Banks committed to sustainably investing every cent in ecological projects should be environmentally friendly and meet accepted social standards. But what exactly does "sustainability" actually mean? And can you make money with it?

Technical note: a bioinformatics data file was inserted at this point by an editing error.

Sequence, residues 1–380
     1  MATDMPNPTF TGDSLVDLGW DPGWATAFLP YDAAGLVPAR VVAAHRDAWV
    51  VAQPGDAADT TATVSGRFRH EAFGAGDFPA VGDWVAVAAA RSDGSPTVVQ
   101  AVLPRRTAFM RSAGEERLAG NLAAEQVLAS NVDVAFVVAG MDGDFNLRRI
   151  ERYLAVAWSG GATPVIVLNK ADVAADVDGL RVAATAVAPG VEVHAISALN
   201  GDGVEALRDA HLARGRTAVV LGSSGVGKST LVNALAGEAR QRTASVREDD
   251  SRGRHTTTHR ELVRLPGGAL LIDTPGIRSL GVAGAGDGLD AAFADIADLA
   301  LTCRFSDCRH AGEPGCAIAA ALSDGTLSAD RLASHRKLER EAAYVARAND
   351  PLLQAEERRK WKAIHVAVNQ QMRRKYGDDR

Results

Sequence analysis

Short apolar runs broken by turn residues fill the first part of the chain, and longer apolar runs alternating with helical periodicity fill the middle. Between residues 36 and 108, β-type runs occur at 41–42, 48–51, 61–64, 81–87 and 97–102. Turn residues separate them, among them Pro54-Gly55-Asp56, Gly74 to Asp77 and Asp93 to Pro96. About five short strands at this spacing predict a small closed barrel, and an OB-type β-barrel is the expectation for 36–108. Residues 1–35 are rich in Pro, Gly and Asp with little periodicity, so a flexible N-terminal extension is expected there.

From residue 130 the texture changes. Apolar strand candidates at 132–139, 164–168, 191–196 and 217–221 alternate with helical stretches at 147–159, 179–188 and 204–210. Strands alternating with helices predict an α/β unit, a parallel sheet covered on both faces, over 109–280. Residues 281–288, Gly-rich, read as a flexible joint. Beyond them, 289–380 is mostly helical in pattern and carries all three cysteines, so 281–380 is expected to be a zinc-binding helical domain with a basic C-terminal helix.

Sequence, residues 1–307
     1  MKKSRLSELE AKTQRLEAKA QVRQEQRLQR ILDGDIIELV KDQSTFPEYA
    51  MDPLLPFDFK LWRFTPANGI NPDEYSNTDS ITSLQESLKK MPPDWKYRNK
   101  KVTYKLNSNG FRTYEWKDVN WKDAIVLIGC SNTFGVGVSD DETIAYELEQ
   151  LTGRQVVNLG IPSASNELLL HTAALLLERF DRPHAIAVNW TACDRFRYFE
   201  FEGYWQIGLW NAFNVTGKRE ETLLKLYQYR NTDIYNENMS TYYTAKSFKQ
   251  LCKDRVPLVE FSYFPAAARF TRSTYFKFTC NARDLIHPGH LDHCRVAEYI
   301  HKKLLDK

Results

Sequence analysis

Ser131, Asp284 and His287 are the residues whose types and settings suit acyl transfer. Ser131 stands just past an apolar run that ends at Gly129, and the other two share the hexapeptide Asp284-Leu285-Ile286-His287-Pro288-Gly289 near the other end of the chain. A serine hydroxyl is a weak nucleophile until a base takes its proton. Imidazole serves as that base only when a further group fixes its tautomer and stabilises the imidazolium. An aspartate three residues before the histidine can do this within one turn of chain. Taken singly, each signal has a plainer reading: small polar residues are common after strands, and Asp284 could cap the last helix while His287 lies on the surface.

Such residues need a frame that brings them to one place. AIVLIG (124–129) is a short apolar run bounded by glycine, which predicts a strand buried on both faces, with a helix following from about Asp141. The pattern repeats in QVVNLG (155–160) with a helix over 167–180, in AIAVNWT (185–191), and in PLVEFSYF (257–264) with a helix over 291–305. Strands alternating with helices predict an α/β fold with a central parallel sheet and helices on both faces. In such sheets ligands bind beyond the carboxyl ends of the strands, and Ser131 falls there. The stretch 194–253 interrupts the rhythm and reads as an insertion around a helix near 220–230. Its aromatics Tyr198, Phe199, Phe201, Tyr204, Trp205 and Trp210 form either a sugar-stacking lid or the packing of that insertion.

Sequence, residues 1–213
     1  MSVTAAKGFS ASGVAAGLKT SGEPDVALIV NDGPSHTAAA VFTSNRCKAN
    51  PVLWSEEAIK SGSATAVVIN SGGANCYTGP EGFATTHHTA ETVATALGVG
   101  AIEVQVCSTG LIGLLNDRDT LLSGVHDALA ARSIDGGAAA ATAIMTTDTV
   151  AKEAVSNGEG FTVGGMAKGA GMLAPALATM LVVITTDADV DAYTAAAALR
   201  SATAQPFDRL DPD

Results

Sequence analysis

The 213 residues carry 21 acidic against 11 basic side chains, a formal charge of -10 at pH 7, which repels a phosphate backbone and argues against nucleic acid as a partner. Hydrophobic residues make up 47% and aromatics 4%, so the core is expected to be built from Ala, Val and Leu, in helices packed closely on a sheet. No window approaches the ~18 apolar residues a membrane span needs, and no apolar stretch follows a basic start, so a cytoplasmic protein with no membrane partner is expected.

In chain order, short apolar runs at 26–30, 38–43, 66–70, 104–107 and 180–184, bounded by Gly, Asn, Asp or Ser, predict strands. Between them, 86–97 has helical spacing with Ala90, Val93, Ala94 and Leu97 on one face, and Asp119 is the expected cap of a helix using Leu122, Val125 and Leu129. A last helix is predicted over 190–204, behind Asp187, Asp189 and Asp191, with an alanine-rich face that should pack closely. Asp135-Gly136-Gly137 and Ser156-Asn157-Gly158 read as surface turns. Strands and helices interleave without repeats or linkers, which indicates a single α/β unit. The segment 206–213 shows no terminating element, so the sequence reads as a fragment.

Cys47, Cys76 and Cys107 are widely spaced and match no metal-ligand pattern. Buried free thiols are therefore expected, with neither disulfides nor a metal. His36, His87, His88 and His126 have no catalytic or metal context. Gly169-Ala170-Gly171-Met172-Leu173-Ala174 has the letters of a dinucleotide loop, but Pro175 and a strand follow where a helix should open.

The Dutch Triodos Bank, for example, invests exclusively in projects that it considers sustainable. We accompany a bank employee to a former maltings in Berlin, where he checks whether the bank can provide loans for development. The old factory premises are to be modernized, with studios for artists, beehives on the roof and a swimming pond filled with filtered rainwater. But is that enough for an investment by the bank? In the meantime, it is no longer just smaller companies and projects that are using sustainability to enhance their image. Some listed stock corporations and international funds are doing it too. But can an aluminum plant be sustainable? Sustainability consultant Alfred Strigl visits Austria Metall AG in Austria to find out more. Strigl sits on the Ethics Board of Kepler Fond KAG, which adheres to strict guidelines when deciding where to place many billions of investments, much of it from institutional funds. The film shows that sustainable investing can pay off: for the environment, for consumers and for banks. And anyone who dares to provide risk capital - for a company that wants to produce paper from grass, for example - can earn a lot of money, and also lose it. Just like in conventional banking.